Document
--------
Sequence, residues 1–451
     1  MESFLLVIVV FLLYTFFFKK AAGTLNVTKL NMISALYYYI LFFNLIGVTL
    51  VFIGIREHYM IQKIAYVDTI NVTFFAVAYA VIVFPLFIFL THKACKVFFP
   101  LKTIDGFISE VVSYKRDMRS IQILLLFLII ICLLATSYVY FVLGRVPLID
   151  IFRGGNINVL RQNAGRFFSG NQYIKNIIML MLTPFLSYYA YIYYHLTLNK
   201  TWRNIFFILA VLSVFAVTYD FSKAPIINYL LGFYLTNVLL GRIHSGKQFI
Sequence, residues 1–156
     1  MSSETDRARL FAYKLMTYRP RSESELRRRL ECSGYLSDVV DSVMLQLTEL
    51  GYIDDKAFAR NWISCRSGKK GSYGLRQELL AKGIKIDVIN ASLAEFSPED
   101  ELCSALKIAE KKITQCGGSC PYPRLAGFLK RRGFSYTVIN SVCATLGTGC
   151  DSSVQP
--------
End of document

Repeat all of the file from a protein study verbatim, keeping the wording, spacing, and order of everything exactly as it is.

Sequence, residues 1–451
     1  MESFLLVIVV FLLYTFFFKK AAGTLNVTKL NMISALYYYI LFFNLIGVTL
    51  VFIGIREHYM IQKIAYVDTI NVTFFAVAYA VIVFPLFIFL THKACKVFFP
   101  LKTIDGFISE VVSYKRDMRS IQILLLFLII ICLLATSYVY FVLGRVPLID
   151  IFRGGNINVL RQNAGRFFSG NQYIKNIIML MLTPFLSYYA YIYYHLTLNK
   201  TWRNIFFILA VLSVFAVTYD FSKAPIINYL LGFYLTNVLL GRIHSGKQFI
Sequence, residues 1–156
     1  MSSETDRARL FAYKLMTYRP RSESELRRRL ECSGYLSDVV DSVMLQLTEL
    51  GYIDDKAFAR NWISCRSGKK GSYGLRQELL AKGIKIDVIN ASLAEFSPED
   101  ELCSALKIAE KKITQCGGSC PYPRLAGFLK RRGFSYTVIN SVCATLGTGC
   151  DSSVQP